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Medford woman earns Golden Demon Award from fishing club

A Medford woman's work busting poachers and organizing projects benefitting the Rogue Valley watershed has earned high honors from a local fishing club.

Janelle Dunlevy on Wednesday received the Golden Demon Award from the Medford-based Rogue Flyfishers Association.

The award is considered the association's top honor for a non-member of the club who helps protect and enhance wild fish.

It is named for a traditional summer steelhead fly on the Rogue River. The award itself is a framed Golden Demon fly.

Dunlevy is the fourth awardee since the club began honoring non-members with the award in 2000.

"This award is not easily given," association President Tom Collette says. "It is for someone who goes beyond normal activity in trying to protect or restore our riparian areas, water and fish resources."

Dunlevy was hailed for her work as an Oregon State Police fish and wildlife trooper who retired last summer to spend more time with her family.

While with the OSP, Dunlevy worked on several high-profile poaching cases as well as enforced environmental regulations involving wild salmon and their habitat.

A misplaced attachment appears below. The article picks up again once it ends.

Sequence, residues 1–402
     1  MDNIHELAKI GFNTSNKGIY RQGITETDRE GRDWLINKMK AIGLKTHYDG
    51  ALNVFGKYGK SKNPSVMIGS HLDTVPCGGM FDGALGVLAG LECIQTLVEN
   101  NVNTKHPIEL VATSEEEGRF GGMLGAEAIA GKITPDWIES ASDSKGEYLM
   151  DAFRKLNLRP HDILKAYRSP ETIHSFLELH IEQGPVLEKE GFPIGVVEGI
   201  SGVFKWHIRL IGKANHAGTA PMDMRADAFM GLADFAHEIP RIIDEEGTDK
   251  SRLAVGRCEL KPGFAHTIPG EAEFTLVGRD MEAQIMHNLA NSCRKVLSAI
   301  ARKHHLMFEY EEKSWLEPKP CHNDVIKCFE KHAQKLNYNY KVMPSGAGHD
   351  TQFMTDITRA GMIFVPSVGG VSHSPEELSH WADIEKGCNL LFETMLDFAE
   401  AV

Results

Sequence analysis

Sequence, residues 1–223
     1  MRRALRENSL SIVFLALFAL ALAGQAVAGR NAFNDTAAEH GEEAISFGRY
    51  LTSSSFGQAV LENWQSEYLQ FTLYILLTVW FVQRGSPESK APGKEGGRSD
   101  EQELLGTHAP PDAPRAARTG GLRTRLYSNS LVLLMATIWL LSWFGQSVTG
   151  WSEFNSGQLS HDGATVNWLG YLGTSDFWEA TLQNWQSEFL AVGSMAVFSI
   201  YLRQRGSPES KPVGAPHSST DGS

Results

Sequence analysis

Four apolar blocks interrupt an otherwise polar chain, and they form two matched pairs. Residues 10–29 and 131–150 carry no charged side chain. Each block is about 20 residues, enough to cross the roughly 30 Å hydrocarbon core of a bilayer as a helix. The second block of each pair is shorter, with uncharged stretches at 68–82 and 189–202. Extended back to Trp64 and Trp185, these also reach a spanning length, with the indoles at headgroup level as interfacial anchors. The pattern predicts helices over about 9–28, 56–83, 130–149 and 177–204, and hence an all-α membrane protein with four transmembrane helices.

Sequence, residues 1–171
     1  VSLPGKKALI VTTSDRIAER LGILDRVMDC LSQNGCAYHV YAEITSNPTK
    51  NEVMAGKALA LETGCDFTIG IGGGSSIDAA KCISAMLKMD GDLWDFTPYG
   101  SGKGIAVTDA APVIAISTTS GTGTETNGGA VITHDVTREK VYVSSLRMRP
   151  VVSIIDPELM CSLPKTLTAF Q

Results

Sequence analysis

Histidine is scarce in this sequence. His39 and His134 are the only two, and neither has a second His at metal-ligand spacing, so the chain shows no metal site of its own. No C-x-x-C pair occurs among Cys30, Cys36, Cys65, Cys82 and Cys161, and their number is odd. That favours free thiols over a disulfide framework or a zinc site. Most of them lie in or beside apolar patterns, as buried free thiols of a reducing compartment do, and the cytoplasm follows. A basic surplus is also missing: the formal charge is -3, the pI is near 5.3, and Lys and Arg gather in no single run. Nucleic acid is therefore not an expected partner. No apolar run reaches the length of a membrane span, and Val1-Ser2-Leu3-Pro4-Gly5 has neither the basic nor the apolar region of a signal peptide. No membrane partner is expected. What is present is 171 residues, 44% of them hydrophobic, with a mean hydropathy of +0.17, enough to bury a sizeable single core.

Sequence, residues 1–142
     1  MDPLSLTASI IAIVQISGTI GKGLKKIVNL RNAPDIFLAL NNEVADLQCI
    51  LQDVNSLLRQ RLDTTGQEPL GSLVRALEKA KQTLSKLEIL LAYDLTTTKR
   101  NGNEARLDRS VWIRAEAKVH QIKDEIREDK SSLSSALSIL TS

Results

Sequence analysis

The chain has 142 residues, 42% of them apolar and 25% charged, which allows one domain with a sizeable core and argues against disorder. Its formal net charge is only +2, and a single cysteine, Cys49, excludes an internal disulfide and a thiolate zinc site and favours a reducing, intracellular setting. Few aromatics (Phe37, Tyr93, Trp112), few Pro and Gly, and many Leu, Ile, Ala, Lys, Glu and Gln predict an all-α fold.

Dunlevy also formerly chaired the Rogue Basin Coordinating Council that helped open communications among the various watershed groups throughout the area. She also was the council's project manager in 2005 when the council helped build a new fish ladder at the Butte Creek Mill diversion in Eagle Point.

The award was presented Wednesday during the association's regular monthly meeting at the Red Lion Hotel in Medford.


The Medford Rifle and Pistol Club will swing over to the old Camp White grounds in White City on Sunday to host a military rifle match.

Military rifles from any branch of the military and from any country are allowed during the Military Rifle Match set for 9 a.m. Sunday at the Jackson County Sports Park high-powered range off Kershaw Road east of the Jackson County drag strip.

The only requirements are that the weapons have metallic sights (no scopes) and with a magazine capacity of at least five rounds capable of rapid reloading.

Most participants use standard American M-1 rifles, says Jim Rice, one of the event's coordinators. In previous events, however, participants have fired rifles from Germany and Britain, Rice says.

"This is a way to get people out shooting and getting other people started," Rice says. "It's not really designed for experienced competitors.

Participants will shoot 50 rounds for scoring at military-style targets set at 200 yards, 300 yards and 500 yards. Shots will be fired from the standing and prone positions as well as rapid-fire.

Cost is $20, with sign-ups beginning at 8 a.m.

Those who don't bring their own ammunition can purchase bullets at the event, Rice says.

For more information, call Rice at 664-5393 during the daytime or 664-1785 during evenings.

Reach reporter Mark Freeman at 776-4470, or e-mail mfreeman@mailtribune.com.